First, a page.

These examples of the most egregious offenders miss the point.
Some form of alternative punishment may still have a place in the world once our system is changed, but we must acknowledge the dire human-rights issues behind bars and come to terms with their failure to reduce public crime or enhance safety.
It’s been years since I’ve had a relationship with my mom. Given our physical distance, we rarely communicate.
The truth is, I’m unsure how much of a relationship is possible between us, given how long it’s been. When I revisit her letters, it’s clear how she needed more support than I alone could give her. I wish we had a better relationship — then and now.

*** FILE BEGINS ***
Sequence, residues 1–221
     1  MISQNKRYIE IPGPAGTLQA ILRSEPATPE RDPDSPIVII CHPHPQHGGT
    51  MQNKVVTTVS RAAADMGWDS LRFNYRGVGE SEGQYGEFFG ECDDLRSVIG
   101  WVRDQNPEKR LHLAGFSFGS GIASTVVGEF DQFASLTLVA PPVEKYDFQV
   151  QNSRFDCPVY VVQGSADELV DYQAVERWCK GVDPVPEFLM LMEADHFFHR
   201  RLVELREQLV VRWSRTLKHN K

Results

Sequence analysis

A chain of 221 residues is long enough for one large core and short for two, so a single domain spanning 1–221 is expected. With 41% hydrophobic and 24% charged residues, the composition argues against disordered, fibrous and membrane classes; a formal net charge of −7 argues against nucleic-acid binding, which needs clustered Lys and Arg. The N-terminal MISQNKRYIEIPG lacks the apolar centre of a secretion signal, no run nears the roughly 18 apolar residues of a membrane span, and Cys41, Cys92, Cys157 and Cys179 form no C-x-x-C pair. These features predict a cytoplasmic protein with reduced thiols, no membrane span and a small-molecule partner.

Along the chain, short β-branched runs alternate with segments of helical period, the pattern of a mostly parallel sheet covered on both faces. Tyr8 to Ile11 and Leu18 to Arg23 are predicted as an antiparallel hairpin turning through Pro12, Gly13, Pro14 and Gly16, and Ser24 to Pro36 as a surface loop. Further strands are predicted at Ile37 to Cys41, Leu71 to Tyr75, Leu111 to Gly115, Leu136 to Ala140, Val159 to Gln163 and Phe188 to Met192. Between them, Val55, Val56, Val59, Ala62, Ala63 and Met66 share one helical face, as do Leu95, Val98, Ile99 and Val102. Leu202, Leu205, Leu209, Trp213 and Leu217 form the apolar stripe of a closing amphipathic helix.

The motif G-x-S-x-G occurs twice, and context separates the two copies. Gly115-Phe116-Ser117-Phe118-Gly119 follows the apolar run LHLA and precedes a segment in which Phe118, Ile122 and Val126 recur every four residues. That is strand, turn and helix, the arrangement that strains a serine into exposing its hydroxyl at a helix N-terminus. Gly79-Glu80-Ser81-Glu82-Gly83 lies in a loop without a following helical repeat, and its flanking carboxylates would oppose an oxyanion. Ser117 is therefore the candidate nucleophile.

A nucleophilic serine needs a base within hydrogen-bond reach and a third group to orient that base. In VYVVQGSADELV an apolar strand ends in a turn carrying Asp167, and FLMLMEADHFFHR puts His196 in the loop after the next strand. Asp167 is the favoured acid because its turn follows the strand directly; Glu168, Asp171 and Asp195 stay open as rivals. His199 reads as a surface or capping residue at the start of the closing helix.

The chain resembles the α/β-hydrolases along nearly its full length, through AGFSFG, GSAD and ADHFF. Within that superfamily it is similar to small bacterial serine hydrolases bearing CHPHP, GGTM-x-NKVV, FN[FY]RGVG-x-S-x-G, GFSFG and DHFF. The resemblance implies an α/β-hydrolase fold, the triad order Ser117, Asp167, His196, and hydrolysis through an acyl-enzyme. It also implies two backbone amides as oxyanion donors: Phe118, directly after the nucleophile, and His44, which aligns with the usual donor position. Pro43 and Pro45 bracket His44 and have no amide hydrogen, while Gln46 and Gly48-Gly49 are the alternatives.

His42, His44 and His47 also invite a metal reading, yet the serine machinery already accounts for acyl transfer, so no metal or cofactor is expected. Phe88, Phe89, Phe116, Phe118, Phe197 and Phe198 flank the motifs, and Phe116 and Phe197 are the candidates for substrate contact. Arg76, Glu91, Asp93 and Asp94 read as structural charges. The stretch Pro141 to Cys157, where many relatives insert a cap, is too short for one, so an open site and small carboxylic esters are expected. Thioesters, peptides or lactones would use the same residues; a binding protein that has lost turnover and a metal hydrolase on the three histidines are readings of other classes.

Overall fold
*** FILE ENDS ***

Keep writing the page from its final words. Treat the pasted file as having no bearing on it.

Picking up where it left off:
Earlier this year, I received a letter from her. It echoes the themes of violence and isolation inseparable from the function of jails. She wrote about being attacked by another prisoner — severely enough to be hospitalized — and every time I read it, I can’t help but mourn for her and ruminate over the broken system that separates us.
Those with addiction and mental health issues should not be sent to prison. Those who exist in oppressed groups shouldn’t be locked up.
If there were another supportive and rehabilitative system in place, it’s likely my mom would have become a productive member of society — and my life — again.